06 June 2021

In its briefing, publicised at the May F-gas stakeholders meeting, ECOS [1] discussed the life cycle impact of refrigerants, and specifically, the additional impact of the degradation that refrigerants undergo once emitted into the atmosphere. There are some highly relevant publicly available data that has been omitted from the ECOS briefing.

The ECOS briefing in its summary table [2] of the atmospheric breakdown products states that GWPs of primary and secondary or even final degradation products are taken from all WMO reports [3] as well as Hodneborg et al. [4] Relevant data that has been omitted from the ECOS briefing is summarised in Table 1.

Hydrocarbon refrigerants indirect GWPs: For completeness, it is worth noting that hydrocarbon refrigerants have an indirect GWP effect. For the non-methane hydrocarbons (NMHCs) the main contributors to indirect GWPs are through tropospheric chemistry interactions, methane concentrations increase when the hydroxyl radicals are consumed by the more reactive organic compounds emitted during anthropogenic activities. The photochemical production of ozone, also a greenhouse gas, is also enhanced by an increased burden of NMHCs.[9] The hydrocarbon GWPs [10] have an indirect GWP component accounting for over 99% of the total GWP for propane and butane and over 95% for ethane. Their direct and indirect GWPs are shown in Table 2.


[1] ECOS Briefing: One step forward, two steps back A deep dive into the climate impact of modern fluorinated refrigerants May 2021

[2] ECOS Briefing Table 5

[3] All reports on Scientific Assessment of Ozone Depletion, World Meteorological Organisation, 1994-2018, URL:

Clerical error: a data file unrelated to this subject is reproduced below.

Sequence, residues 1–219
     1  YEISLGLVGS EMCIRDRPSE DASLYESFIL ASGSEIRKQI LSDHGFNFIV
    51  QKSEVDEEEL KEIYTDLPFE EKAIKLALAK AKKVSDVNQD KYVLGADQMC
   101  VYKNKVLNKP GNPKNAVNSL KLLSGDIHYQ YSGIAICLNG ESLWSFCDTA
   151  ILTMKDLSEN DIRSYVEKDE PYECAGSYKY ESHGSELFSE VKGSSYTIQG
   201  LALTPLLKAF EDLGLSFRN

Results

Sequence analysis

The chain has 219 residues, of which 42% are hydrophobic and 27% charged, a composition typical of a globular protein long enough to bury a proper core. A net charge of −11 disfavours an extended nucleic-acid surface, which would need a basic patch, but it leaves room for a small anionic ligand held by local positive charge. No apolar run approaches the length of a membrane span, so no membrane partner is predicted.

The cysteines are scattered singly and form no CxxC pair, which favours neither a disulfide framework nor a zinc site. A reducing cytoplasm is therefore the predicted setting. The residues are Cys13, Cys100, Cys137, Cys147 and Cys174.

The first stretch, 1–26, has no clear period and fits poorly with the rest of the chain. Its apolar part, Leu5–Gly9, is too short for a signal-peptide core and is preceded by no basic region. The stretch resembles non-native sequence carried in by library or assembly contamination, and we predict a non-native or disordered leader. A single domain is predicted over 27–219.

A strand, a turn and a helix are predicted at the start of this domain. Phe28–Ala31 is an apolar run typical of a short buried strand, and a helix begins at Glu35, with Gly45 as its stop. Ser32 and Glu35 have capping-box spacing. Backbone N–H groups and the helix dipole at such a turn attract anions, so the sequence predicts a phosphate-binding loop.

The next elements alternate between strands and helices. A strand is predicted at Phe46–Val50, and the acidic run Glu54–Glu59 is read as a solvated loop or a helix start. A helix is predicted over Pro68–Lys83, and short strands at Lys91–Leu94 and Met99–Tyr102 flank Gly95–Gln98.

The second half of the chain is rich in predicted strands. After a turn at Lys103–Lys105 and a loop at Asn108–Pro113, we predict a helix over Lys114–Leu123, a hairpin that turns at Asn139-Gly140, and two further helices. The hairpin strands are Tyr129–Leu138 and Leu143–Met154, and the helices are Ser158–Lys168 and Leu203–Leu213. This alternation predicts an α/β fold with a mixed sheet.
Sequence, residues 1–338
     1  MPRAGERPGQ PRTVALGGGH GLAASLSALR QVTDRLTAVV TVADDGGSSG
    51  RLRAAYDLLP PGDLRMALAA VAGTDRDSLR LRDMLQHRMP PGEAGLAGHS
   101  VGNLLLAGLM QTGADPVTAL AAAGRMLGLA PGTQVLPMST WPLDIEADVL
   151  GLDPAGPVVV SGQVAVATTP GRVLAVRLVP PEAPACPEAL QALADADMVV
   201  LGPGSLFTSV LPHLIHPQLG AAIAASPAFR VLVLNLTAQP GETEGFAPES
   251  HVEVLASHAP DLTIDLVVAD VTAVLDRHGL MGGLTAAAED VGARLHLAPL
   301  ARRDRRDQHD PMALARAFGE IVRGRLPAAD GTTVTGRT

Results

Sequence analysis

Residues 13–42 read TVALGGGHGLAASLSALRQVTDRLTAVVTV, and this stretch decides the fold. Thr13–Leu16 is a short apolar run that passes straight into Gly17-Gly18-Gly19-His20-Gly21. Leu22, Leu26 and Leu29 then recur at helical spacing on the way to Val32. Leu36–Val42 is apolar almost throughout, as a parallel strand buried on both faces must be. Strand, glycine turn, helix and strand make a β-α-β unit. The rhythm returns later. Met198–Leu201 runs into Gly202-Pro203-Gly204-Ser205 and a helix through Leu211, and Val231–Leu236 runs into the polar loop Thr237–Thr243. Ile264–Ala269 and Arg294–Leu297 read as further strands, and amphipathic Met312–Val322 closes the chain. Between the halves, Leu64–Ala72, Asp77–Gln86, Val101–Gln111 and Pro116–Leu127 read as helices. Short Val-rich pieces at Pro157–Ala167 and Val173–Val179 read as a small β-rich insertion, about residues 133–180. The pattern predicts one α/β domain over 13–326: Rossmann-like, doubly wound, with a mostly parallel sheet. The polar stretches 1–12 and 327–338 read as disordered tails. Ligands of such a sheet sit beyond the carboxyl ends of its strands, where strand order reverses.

[4] Hodnebrog, Ø., Myhre, G., Kramer, R. J., Shine, K. P., Andrews, T., Faluvegi, G., Kasoar, M., Kirkevåg, A., Lamarque, J.-F., Mülmenstädt, J., Olivié, D., Samset, B. H., Shindell, D., Smith, C. J., Takemura, T., Voulgarakis, A.: The effect of rapid adjustments to halocarbons and N2O on radiative forcing, npj Climate and Atmospheric Science, Issue 3, 2020, Pages 1 ff., DOI:

[5] WMO (World Meteorological Organization), Scientific Assessment of Ozone Depletion: 2018, Global Ozone Research and Monitoring Project–Report No. 58, 2018.

[6] Malisa S. Chiappero, Fabio E. Malanca, Gustavo A. Arguello, Steven T. Wooldridge, Michael D. Hurley, James C. Ball, Timothy J. Wallington, Robert L. Waterland, and Robert C. Buck J. Phys. Chem. A 2006, 110, 11944-11953, Atmospheric Chemistry of Perfluoroaldehydes (CxF2x+1CHO) and Fluorotelomer Aldehydes (CxF2x+1CH2CHO): Quantification of the Important Role of Photolysis.

[7] WMO (World Meteorological Organization), Scientific Assessment of Ozone Depletion: 2018, Global Ozone Research and Monitoring Project–Report No. 52, 2010.

[8] Jubb, A.M., McGillen, M. R., Portmann, R. W., Daniel, J. S., Burkholder, J. B.: An atmospheric photochemica l source of the persistent greenhouse gas CF4, Geophys. Res. Lett., Volume 42, 2015, Pages 9505-9511, DOI: 10.1002/2015GL066193.

[9] IPCC/TEAP Special Report: Safeguarding the Ozone Layer and the Global Climate System page 163

[10] Lifetimes, direct and indirect radiative forcing, and global warming potentials of ethane (C2H6), propane (C3H8), and butane (C4H10), Atmos. Sci. Lett. 2018;19:e804.  Øivind Hodnebrog, Stig B. Dalsøren, Gunnar Myhre, Center for International Climate and Environmental Research-Oslo (CICERO), Oslo, Norway

Translate »